Afghanistan: Whose Stake? Whose Dialogue?

by Zoe Nneka Ejiofor

Afghanistan. Simply stating the name of this country conveys so many emotions, from sadness to anger, and downright despair. Many share in these emotions, with a particular feeling of desolation; especially when one thinks about those vulnerable under the Taliban- such as women and girls.

The response by President Biden to the current situation in Afghanistan given in his speech is resolute if being generous, and downright callous and cold at a push, as noted by some commentators.[1] In his speech delivered on August 16, 2021, he stated that the goal of America’s ‘war-fighting’ in Afghanistan was to ‘degrade the terrorist threat of Al Qaeda in Afghanistan and kill Osama bin Laden [which] was a success.’[2] Yet, the Taliban are virtually in control of all of Afghanistan; surely the terrorist threat of Al-Qaeda in Afghanistan has actually risen, rather than degraded?

This leads one to wonder, where do talks of transitional justice come in? Is there even any room for such talks? NATO has currently not committed to any more fighting in Afghanistan. President Biden in his speech stated that he does not even regret his decision to withdraw US troops from the country. This can leave people to think that there is no room for such talks, as these need to be facilitated by the West, but they seem to have turned their backs. Article 14(1) of the Universal Declaration of Human Rights (UDHR) states that ‘everyone has the right to seek and to enjoy in other countries asylum from persecution.’ The West has facilitated this right, as seen by the various refugee programs that have been announced. For example, President Biden announced Operation Allies Refuge in July, which has moved 2,000 Afghans to the US. However, the total number of Afghans that will be moved is unknown. The UK government has stated that it will resettle 20,000 Afghan refugees over five years, under the Afghan Citizens’ Resettlement Scheme. This has been criticised as inadequate by several key British figures, such as Lord Dubs[3], especially when the UK’s role in Afghanistan is considered. The Scheme is very similar to the UK’s Syrian Vulnerable Persons Resettlement Scheme, which also resettled 20,000 people over five years. Yet, the UK had less of an influence in Syria than it did in Afghanistan. The extent to which the West has facilitated the Afghan people’s right to Article 14(1) is limited though, as there is a limitation on the number of people that can claim asylum.[4] Furthermore, not everybody that is even eligible under the UK’s Scheme has been able to leave Afghanistan, with an estimated population of 32 million, as admitted by the Head of the Armed Forces, Gen Sir Nick Carter.[5]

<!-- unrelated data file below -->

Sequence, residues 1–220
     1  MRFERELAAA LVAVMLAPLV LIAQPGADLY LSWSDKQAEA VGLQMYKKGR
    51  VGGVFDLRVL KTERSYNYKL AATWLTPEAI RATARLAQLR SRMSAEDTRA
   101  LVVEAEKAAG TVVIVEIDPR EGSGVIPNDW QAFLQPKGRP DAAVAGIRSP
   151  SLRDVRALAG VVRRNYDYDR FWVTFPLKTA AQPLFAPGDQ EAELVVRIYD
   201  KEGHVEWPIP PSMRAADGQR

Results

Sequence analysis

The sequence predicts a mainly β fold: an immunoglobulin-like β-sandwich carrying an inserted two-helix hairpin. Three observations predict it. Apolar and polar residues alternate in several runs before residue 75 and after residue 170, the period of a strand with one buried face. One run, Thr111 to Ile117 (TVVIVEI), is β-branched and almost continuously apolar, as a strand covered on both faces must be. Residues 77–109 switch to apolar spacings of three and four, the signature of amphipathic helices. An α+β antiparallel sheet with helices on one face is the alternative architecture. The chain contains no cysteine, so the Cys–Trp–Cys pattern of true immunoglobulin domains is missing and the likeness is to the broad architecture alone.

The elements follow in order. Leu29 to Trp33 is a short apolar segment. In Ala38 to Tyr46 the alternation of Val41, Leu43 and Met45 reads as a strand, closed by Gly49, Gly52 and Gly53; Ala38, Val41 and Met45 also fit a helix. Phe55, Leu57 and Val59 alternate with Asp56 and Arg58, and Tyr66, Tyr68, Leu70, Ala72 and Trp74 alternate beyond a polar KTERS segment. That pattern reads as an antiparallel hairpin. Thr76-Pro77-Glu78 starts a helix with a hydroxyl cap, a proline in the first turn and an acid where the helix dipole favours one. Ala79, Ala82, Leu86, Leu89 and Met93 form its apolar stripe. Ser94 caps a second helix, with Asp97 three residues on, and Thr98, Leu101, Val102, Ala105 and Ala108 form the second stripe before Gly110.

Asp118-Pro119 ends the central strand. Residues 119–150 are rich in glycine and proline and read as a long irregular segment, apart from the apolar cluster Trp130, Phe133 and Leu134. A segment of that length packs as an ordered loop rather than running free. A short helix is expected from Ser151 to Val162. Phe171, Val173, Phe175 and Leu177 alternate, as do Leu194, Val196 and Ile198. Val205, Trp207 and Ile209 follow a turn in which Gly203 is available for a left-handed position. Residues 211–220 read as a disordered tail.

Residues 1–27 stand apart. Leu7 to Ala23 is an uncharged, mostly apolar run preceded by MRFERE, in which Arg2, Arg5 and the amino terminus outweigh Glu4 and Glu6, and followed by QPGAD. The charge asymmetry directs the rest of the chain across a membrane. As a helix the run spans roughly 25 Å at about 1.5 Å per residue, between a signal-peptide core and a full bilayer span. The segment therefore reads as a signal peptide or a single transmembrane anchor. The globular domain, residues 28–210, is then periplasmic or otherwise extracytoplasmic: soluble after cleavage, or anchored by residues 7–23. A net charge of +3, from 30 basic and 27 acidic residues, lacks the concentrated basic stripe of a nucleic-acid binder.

The plans of the US and UK to resettle Afghans is certainly a step in the right direction, but they are really just band-aids over the issues in the country. What the Afghan people need are concrete talks as to how to guarantee the human rights and liberties of the Afghan people under the Taliban, in line with the UDHR, such as Article 5.[6] Whether such talks will be generated is an unknown, especially after President Biden said that the US mission in Afghanistan ‘was never supposed to have been nation-building.’[7] It seems as if only the threat of terrorism in the West will enable such talks to occur. The increasing risk posed by ISIS-K, a splinter group of ISIS, could force such talks. They already claimed responsibility for the suicide bombing on Thursday 26th August, which killed over 180 people, including 13 US service members.[8] The US conducted a drone strike in response to this less than 48 hours later, which killed an ISIS member with claims of some civilian casualties.[9]

Unfortunately, many ordinary people in the international community can only watch and wait to see if the ‘Taliban 2.0’ is any different to the Taliban of the 1990s as it seeks international legitimacy.

[1] See David Smith’s analysis of Biden’s speech: Biden’s speech on Afghanistan was resolute, but lacked contrition or humility | Joe Biden | The Guardian (accessed 19 8 2021)

[2] Read the Full Transcript of Biden’s Afghanistan Speech – The New York Times ( (accessed 19 8 2021)

[3] UK to take 20,000 Afghan refugees over five years under resettlement plan | Afghanistan | The Guardian (accessed 19 8 2021)

[4] Canada has also stated that they will resettlement 20,000 Afghan refugees- see Canada expands resettlement program to bring more Afghans to safety – (accessed 26 8 2021)

[5] Afghanistan: Final UK flight for civilians leaves Kabul, says government – BBC News (accessed 19 8 2021)

[6] This Article states that ‘No one shall be subjected to torture or to cruel, inhuman or degrading treatment

or punishment.’

[7] See point 2

[8] What is ISIS-K, the group that claimed responsibility for the Kabul attack? – CBS News (accessed 30 8 2021)

[9] Afghanistan: US airstrike targets ISIS-K after deadly Kabul airport attack | World News | Sky News (accessed 30 8 2021)

Zoe has a First Class Degree in Law from the University of Manchester and is currently serving as an intern at the WATJCentre